BOSTON (CBS) – Boston Public Schools Superintendent Dr. Brenda Cassellius has been in charge of the education and safety of 52,000 students during the pandemic.
In an exclusive interview with WBZ-TV, she explains how grateful she has been for the families in the Boston schools during a year that’s been one for the history books.READ MORE: NH Police Searching For Missing 5-Year-Old Boy Elijah Lewis
Paula Ebben: “Has anything in your career prepared you for a year like this?”
Dr. Cassellius: “Well, this has been a tough year on everyone and especially families. I want to thank our families and teachers and staff for the incredible work they have done, but we are learning on the go here and could never have imagined a pandemic…never.”
Paula Ebben: “What do you think you will take emotionally from this experience?”
Dr. Cassellius: “We are going to look back and look at how resilient we really are…and how strong we are as a City. We pulled together for our children and their families and it was just amazing to see the coming together and what I take away is that anything is possible if we really work together around it.”
Paula Ebben: “You’re leading the largest public school system in New England with over 52,000 students….how big of a problem is learning loss going to be?”READ MORE: Case Of Rat-Borne Bacterial Disease Identified In Boston
Dr. Cassellius: “I do think it’s going to be a problem, but it’s really in a couple of grades. Early childhood grades are impacted the most because some parents just chose to take a year off and keep their children home, so we know our youngest learners had a much harder time accessing remote. And then our older learners – you talk to the high school students, and they said they just had a harder time getting out of bed, and it was really tough for them for their mental health… so I think the upper ends and the lower ends we will see big problems, and even in the middle some students struggled. Students with disabilities where we couldn’t give them their services and students who have languages other than English as their first language…we’re really going to try to give them a boost this summer.”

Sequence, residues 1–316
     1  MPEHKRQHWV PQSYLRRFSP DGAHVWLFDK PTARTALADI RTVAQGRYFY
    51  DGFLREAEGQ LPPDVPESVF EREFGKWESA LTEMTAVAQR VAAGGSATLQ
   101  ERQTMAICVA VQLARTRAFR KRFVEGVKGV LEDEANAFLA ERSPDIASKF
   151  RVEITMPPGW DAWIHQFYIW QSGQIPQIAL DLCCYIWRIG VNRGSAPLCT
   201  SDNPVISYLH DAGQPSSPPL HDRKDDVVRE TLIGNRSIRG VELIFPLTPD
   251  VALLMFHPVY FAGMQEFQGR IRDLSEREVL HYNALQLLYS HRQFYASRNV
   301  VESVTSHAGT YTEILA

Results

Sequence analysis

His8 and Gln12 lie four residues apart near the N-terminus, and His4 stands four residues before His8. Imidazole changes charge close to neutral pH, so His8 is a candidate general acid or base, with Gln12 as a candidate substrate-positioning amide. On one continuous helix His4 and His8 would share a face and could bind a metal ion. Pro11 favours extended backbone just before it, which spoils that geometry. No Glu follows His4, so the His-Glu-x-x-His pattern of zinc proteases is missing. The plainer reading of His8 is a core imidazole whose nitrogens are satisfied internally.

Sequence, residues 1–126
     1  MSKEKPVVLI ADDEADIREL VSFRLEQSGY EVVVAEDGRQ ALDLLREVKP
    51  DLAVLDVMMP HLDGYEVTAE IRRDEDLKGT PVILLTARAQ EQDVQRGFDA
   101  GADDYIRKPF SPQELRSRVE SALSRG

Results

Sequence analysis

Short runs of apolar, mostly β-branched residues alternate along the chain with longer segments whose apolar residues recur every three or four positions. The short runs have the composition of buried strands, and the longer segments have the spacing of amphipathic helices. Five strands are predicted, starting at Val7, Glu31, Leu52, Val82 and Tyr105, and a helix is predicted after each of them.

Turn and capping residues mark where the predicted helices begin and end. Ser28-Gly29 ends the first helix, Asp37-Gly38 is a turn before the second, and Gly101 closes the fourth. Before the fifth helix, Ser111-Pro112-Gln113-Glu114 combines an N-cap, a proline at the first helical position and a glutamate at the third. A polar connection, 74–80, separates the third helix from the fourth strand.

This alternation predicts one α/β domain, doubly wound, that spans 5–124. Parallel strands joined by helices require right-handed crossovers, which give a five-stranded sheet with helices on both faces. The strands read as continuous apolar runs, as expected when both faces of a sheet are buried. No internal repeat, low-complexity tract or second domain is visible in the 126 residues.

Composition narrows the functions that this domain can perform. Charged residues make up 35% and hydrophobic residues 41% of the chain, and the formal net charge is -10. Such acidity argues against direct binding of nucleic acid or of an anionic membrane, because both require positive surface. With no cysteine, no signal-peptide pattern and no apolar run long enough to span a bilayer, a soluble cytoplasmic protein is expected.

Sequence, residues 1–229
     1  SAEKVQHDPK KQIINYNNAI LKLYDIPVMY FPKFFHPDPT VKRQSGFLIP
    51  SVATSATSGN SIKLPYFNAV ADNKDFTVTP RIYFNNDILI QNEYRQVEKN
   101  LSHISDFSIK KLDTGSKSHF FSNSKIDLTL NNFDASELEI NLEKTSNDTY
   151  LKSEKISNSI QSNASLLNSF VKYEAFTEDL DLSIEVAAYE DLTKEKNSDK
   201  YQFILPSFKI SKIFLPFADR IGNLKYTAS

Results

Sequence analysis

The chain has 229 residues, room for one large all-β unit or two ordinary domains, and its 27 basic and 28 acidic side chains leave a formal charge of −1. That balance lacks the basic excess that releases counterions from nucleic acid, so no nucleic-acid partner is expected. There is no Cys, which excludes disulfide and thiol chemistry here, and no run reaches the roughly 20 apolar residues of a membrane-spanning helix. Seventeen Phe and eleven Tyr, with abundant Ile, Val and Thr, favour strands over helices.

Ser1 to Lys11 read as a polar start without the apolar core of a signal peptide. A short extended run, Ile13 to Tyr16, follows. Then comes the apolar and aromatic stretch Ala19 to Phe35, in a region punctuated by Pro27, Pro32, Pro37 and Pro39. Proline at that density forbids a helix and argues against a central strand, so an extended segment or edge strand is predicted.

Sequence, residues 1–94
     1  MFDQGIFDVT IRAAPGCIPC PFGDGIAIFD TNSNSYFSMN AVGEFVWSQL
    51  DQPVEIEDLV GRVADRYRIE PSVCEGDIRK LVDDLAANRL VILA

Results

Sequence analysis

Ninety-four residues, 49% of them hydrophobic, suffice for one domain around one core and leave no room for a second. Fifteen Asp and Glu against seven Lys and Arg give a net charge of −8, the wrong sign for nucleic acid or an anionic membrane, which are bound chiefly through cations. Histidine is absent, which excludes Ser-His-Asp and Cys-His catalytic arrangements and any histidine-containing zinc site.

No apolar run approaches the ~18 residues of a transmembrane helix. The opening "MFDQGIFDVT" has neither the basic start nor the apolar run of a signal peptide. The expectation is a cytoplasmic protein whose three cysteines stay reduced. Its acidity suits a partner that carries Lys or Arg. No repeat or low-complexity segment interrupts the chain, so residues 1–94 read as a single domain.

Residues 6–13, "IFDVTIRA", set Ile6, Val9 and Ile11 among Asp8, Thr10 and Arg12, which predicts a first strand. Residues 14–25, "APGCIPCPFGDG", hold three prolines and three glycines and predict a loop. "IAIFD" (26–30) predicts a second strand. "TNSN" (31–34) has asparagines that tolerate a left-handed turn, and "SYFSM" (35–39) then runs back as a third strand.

Even though the pandemic has contributed to learning loss for some students, Dr. Cassellius is not necessarily in favor of parents holding their children back to repeat the year.
Dr. Cassellius: “They have that right – to have their child repeat the year, and so I’d say: talk to your teacher and review the research on what that means long term…there’s some mix in the early grades that it could benefit so there are some parents that hold their children back – like for Kindergarten – and wait a year because of maturity and other reasons and some of the research shows that it matters, but as children get older – into the middle and High School grades, even the upper intermediate grades – it could be detrimental to them finishing high school.”
Paula Ebben: “What about snow days??”
Dr. Cassellius: “I think there will be at least one snow day – the first snow day because that’s kind of fun, but that’s something…I make the decision with the new Mayor because it involves a lot of other things with technology, infrastructure, roads and so…that remains to be seen.”
Dr. Cassellius adds the biggest challenge in the return to school in September is if social distancing rules remain in effect – there may not be enough space in classrooms for everyone. She added one of the positives of the pandemic was how much more engaged parents became with their child’s education.MORE NEWS: 12-Year-Old Boy Struck By Car, Seriously Injured In Taunton
You can see all of Paula’s interview with Dr. Cassellius in the video above.